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Want a Future Without Debt and with Plenty of Sunny Beach Vacations? Do THIS Every Three Months

“Do I have enough in my checking account to go out tonight? Phew, yes — but only for two drinks!” That’s how most of us manage our money. But if you ever want to see the other side of a million bucks (or just get out of your money rut), you totally have to take 30 minutes and do what I do every three months.


Every year around the end of December, we get inundated with media and advice about New Year’s resolutions. And many of us do set goals around the New Year as we aspire to do everything from eat better and lose weight to earn more money or finally start investing in the year ahead.

Personally, I get a jump on my goal-setting in December because I want to start the new year running, not taking a week or two to get my priorities straight. But I’ve also learned over the last couple years that once a year is not nearly enough to set and review your goals, especially financial ones.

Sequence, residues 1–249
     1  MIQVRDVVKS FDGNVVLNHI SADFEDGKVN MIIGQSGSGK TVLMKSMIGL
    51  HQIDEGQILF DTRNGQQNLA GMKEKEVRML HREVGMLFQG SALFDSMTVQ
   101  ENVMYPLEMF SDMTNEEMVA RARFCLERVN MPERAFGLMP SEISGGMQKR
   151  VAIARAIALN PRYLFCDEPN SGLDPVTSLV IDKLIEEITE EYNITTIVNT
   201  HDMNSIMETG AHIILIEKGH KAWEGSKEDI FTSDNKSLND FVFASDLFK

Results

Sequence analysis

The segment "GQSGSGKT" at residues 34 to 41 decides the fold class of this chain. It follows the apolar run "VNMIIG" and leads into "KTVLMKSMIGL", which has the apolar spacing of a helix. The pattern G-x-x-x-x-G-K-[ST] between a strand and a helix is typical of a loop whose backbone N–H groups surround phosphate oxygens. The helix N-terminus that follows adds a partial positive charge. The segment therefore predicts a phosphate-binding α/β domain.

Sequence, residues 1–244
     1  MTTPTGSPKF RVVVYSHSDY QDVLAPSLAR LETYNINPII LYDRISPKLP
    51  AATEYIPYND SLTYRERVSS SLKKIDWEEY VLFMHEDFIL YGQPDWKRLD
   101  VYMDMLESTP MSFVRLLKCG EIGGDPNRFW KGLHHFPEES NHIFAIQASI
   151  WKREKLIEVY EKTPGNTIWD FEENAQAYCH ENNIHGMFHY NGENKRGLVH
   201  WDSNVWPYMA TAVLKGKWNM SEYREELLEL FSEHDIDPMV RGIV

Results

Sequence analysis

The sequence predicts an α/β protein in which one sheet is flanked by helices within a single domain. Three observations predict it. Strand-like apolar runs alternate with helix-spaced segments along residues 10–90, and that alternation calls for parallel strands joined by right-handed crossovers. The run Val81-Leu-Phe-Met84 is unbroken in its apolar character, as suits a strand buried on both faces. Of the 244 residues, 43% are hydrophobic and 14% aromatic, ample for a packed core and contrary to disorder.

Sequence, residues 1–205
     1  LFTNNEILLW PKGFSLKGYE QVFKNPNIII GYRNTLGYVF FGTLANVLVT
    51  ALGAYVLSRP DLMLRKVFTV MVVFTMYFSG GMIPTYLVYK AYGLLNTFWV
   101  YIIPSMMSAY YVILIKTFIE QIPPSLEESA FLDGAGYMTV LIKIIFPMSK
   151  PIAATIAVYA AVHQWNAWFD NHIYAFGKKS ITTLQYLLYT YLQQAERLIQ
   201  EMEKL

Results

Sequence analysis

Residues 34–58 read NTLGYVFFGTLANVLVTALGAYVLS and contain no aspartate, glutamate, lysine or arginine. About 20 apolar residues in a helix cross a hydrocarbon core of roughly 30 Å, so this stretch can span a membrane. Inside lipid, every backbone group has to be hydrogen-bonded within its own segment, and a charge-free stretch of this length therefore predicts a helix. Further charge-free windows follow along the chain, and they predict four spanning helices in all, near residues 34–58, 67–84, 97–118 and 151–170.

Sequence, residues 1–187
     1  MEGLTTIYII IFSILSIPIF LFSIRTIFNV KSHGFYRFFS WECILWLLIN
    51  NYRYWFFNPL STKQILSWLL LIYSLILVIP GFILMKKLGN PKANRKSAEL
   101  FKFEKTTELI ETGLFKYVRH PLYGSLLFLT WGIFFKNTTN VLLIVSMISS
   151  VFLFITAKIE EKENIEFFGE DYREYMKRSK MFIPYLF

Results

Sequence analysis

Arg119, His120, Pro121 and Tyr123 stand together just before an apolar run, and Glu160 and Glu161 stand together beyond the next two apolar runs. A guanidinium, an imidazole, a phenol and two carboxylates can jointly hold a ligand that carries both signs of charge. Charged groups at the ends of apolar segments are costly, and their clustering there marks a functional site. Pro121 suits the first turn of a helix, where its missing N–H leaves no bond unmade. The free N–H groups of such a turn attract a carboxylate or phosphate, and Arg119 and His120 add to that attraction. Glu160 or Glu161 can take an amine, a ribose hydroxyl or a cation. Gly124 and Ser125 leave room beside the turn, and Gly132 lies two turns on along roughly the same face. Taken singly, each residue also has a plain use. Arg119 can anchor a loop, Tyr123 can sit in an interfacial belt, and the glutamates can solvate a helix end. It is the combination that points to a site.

Of course, this is why personal finance experts drone on and on about budgets – something you set, review, and revise every month. But if you’re like me, you resolve to watch your budget every week and then slowly trail off because it’s boring and simply takes too much time.

Now don’t get me wrong, I review my finances at least every week – checking bank balances, spending, and investments — but I don’t get hung up in the details and I’m not spending time asking the big questions. That’s the kind of thing I do at the end of the year and about once a quarter in a quarterly financial checkup. (And yes, this is what it looks like. Even for a guy who blogs about money for a living, keeping track of all of my own finances gets stressful!)

Give yourself a financial checkup every 3 months.

The quarterly financial checkup